People have different takes when it comes to trust in cryptocurrencies, one can easily trust Libra as it is backed by a reserve with constant liquid assets by combining with several other groups of exchanges and other liquidity providers. These assets stabilize the value of Libra.

The software used for developing Libra is a new programming language called Move it is used to execute and develop decentralized finance, smart contracts, and transaction logic.

To know more Libra, Click here on the infographic designed by Mrbtc.org

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When Facebook first announced it was getting into the crypto business—with a basically unregulated currency called Libra—the reaction from Wall Street and government bankers was about as expected. Fast-foward a few months, and Libra is in trouble. The social media giant had lined up a long list of corporate backers for the initiative, including major players in the payments space. And in October 2019, several prominent backers began to back out. Here’s how Facebook’s crypto future got into serious trouble. » Subscribe to CNBC: https://cnb.cx/SubscribeCNBC » Subscribe to CNBC TV: https://cnb.cx/SubscribeCNBCtelevision » Subscribe to CNBC Classic: https://cnb.cx/SubscribeCNBCclassic About CNBC: From ‘Wall Street’ to ‘Main Street’ to award winning original documentaries and Reality TV series, CNBC has you covered. Experience special sneak peeks of your favorite shows, exclusive video and more. Connect with CNBC News Online Get the latest news: https://www.cnbc.com/ Follow CNBC on LinkedIn: https://cnb.cx/LinkedInCNBC Follow CNBC News on Facebook: https://cnb.cx/LikeCNBC Follow CNBC News on Twitter: https://cnb.cx/FollowCNBC Follow CNBC News on Instagram: https://cnb.cx/InstagramCNBC #CNBC Why Facebook’s Libra Cryptocurrency Is In Trouble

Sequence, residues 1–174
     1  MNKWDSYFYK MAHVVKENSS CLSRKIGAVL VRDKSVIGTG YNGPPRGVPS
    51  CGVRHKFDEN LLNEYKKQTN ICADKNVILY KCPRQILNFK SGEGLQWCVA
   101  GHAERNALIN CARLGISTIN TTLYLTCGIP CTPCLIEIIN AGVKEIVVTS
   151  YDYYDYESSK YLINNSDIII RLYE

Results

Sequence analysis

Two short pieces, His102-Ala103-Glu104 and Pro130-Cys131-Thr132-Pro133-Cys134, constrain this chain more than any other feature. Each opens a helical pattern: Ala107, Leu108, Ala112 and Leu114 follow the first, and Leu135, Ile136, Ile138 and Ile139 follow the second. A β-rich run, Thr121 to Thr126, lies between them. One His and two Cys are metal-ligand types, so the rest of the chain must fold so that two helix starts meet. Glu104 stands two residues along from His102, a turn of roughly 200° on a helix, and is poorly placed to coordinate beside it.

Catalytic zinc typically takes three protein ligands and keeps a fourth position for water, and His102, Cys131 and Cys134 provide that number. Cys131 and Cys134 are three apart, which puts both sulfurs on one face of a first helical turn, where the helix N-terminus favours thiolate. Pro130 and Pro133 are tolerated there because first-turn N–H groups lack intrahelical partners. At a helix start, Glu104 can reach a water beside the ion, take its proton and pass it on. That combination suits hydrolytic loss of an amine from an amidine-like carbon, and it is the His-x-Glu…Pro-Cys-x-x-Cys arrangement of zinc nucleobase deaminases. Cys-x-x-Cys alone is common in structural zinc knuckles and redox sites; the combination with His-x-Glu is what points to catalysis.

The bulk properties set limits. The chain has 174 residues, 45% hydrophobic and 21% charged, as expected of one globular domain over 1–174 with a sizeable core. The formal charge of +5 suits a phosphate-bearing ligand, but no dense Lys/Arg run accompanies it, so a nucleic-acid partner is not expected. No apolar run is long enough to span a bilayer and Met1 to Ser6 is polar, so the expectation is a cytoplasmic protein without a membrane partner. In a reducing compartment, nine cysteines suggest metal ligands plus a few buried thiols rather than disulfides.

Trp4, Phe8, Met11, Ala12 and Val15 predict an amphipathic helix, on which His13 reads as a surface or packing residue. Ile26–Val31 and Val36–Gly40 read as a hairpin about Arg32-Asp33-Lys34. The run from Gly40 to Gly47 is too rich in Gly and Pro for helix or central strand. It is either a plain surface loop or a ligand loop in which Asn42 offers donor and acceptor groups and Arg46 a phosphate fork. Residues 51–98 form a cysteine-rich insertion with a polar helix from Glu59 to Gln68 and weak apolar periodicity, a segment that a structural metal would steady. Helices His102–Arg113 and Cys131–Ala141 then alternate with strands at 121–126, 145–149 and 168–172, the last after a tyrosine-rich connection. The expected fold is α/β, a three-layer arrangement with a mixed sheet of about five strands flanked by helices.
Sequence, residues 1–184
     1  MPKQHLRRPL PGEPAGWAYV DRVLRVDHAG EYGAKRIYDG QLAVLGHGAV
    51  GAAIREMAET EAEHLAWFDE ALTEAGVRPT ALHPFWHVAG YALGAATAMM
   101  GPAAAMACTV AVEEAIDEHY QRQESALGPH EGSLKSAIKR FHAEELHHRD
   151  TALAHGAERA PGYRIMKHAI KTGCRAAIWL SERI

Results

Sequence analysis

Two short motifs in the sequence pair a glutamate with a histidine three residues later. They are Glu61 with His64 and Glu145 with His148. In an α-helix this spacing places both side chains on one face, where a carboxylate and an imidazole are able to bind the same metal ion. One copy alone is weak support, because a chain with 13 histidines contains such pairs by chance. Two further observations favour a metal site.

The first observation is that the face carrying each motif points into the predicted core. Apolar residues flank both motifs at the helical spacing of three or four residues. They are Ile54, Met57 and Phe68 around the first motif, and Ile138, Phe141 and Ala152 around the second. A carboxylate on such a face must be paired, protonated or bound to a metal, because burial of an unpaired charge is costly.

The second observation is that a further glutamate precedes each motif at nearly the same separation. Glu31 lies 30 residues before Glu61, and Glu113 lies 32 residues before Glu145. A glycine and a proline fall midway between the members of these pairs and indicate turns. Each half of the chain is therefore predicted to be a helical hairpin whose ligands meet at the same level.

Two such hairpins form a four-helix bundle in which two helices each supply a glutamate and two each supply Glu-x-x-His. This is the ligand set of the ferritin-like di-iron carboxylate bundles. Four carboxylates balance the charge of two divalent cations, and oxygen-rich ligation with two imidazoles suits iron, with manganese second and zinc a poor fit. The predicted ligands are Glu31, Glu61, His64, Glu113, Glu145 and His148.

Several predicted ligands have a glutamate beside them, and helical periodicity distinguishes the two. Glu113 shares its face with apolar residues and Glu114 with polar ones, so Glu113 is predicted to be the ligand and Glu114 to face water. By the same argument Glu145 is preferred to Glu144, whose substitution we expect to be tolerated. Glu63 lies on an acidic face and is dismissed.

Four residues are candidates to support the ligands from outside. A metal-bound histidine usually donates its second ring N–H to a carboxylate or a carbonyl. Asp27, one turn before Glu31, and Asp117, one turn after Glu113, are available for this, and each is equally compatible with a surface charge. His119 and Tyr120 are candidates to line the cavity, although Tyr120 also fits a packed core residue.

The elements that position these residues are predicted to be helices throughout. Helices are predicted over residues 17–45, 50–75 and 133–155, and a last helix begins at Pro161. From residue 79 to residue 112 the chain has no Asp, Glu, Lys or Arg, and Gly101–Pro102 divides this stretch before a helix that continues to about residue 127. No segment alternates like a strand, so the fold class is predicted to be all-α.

Experts Say Facebook’s Mind-Reading Brain Interface Isn’t That Crazy

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Facebook says it’s getting closer to eliminating one of the tech world’s biggest problems: namely how ridiculously long it’s taken me to type this sentence.

Ok, so it only took me about 30 seconds, but the words formed in my head in a fraction of that time. This problem of human latency is a key hurdle for tech giants like Google and Facebook that are looking for new ways to grow by shoving ever-more petabytes of data into our brains, and vice versa.